Latest version:
James Clark
John Cowan


MicroXML is a subset of XML intended for use in contexts where full XML is, or is perceived to be, too large and complex. It has been designed to complement rather than replace XML, JSON and HTML. Like XML, it is a general format for making use of markup vocabularies rather than a specific markup vocabulary like HTML. This document provides a complete description of MicroXML.

Status of This Document

This specification was published by the MicroXML Community Group. It is not a W3C Standard nor is it on the W3C Standards Track. Please note that under the W3C Community Contributor License Agreement (CLA) there is a limited opt-out and other conditions apply. Learn more about W3C Community and Business Groups. Please send comments to public-microxml@w3.org (public archives).

Table of Contents

1 Introduction

MicroXML is a Unicode-based textual format for general-purpose structured information interchange. A sequence of characters or bytes in this format is called a MicroXML document. MicroXML is designed to be syntactically compatible with XML; more precisely, any MicroXML document is a well-formed XML document according to XML 1.0 Fifth Edition [XML].

MicroXML also specifies an abstract data model for MicroXML documents. This is substantially compatible with a subset of the information items and properties of the XML Information Set [INFOSET]. See Appendix B for details.

A MicroXML parser is a software module that accepts a sequence of bytes or characters as input, determines whether that sequence is a MicroXML document, and, if it is, makes a representation of its abstract data model available to other modules.

MicroXML is designed to be dramatically simpler than XML, not only in its syntax but also in its data model. Experience with XML has shown that for many applications much of the complexity of XML is unnecessary. Indeed, many specifications that use XML have invented their own ad-hoc subsets of XML (XMPP, SOAP, E4X, Scala). The complexity of XML does not affect just the developers of XML parsers and other tools, but has an ongoing cost to users of XML and developers of XML applications.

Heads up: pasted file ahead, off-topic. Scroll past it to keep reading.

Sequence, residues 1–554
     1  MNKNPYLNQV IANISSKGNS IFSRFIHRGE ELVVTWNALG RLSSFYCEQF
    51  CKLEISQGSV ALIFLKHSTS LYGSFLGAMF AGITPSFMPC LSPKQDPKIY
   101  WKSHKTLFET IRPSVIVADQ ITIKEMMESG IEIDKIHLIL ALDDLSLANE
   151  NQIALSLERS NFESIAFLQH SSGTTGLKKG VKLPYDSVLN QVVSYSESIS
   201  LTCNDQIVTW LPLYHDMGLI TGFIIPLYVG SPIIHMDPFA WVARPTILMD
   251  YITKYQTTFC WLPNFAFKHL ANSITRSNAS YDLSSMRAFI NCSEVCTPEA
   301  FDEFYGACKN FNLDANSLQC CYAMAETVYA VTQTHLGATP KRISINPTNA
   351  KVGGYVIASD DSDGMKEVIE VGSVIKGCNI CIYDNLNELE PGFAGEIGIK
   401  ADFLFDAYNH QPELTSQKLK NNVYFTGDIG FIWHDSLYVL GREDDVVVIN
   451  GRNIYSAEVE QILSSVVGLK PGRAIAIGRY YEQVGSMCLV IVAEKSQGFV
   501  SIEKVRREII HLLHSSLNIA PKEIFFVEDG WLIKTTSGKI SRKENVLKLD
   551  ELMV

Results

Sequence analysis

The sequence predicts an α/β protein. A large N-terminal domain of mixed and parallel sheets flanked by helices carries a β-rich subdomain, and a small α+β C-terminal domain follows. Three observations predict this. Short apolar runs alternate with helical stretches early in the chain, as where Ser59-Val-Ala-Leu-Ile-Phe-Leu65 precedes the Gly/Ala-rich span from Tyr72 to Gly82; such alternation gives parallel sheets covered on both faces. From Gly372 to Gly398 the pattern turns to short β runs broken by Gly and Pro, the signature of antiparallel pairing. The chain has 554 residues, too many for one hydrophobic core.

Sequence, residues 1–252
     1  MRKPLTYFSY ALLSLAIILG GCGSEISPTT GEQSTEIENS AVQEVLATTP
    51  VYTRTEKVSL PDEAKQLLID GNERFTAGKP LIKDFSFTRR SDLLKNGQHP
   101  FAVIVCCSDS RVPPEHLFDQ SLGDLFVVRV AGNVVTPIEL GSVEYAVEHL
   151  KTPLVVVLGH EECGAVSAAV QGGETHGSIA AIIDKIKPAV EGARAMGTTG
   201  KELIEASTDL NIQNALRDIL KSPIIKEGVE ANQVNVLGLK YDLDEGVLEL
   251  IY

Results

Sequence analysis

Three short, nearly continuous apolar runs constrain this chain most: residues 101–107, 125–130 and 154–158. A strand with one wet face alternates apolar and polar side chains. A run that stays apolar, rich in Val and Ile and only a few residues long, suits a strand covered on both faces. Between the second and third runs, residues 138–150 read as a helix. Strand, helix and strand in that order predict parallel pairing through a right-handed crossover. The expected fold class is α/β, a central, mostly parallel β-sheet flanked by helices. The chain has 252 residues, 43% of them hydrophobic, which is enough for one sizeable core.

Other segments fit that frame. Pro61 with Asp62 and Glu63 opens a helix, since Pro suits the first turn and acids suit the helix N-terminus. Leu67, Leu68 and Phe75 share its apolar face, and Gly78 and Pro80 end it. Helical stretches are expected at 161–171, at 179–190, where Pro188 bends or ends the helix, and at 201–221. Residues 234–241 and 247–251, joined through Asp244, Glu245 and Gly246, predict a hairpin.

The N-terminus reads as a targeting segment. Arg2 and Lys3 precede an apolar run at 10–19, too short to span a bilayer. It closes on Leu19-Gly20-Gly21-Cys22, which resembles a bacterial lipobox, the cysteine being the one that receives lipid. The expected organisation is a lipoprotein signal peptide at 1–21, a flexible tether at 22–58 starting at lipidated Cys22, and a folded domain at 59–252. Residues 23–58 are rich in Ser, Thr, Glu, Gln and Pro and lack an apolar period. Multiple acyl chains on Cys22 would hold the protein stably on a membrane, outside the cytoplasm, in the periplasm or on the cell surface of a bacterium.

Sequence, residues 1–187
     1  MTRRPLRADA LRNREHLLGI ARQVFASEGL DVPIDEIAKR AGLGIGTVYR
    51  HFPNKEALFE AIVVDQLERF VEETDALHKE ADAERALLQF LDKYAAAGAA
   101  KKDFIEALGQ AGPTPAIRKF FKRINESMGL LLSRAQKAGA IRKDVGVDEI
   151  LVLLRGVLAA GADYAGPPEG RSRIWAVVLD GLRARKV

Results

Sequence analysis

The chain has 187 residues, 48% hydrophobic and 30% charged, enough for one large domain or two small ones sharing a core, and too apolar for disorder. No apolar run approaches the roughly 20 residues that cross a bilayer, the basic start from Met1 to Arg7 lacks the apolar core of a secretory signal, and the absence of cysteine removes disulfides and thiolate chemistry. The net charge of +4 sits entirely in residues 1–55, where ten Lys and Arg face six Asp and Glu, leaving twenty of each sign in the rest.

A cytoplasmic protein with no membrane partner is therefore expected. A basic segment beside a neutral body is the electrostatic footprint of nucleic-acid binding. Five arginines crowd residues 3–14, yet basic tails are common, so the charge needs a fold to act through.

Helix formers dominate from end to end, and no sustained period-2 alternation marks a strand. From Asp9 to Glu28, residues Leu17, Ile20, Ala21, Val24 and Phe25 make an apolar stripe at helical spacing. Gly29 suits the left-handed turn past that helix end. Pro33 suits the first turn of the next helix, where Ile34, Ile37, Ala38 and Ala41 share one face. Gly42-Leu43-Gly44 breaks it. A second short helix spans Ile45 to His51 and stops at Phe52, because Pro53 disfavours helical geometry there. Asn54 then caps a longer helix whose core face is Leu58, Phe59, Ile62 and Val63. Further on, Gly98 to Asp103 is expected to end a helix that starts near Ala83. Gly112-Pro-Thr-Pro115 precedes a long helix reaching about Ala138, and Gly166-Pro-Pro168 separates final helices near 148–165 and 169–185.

Although JSON has replaced XML in many applications where greater simplicity is desired, JSON is awkward for representing structured documents that include mixed content (content that mixes data characters and element). HTML is very widely used for representing structured documents. However, MicroXML is a fundamentally different kind of format from HTML: MicroXML does not define the semantics of any element or attribute names, whereas HTML does. MicroXML with appropriately chosen element and attribute names can be trivially transformed into valid HTML. Like HTML and XML, MicroXML is designed to support the use of plain text editors for authoring; it therefore preserves some of the conveniences provided by XML for such usage.

MicroXML has a number of advantages over full XML as a format for network protocols. First, MicroXML does not constrain how parsers recover from errors; in particular, MicroXML does not adopt XML's Draconian error handling requirements. This allows protocols using MicroXML to follow the traditional policy of being liberal in what they accept.. Second, the features of XML that are most problematic from a security perspective have been eliminated from MicroXML: most importantly, MicroXML completely eliminates document type declarations, including entity declarations; MicroXML documents are self-contained, in the sense that the parsing of a MicroXML document never requires access to any external resource.

This document, together with [RFC 2119] for requirement keywords and [Unicode] for characters, provides all the information necessary to understand MicroXML and construct computer programs to process it.

The keywords "MUST", "MUST NOT", "REQUIRED", "SHALL", "SHALL NOT", "SHOULD", "SHOULD NOT", "RECOMMENDED", "MAY", and "OPTIONAL" in this document are to be interpreted as described in RFC 2119.

2 Data Model

The MicroXML abstract data model uses three primitive types:

A string is not a primitive type: it is just a list of zero or more characters.

The top-level construct in the MicroXML data model is an element item. An element item is a list with exactly three members:

  1. a name item;
  2. a attributes map: this is a possibly empty map, whose keys are name items and whose values are strings;
  3. a content list: this is a list with zero or more members; each member is either a character or an element item.

A name item is a non-empty string. The first character in the string MUST match the production nameStartChar, and any subsequent characters MUST match the production nameChar. In addition, a name item occurring as a key in an attributes map MUST not be xmlns.

Any character occurring in the value of an attributes map or as a member of a content list MUST match the production char.

2.1 JSON Syntax (informative)

There are many possible ways of representing the data model in [JSON]. The following is one possible way: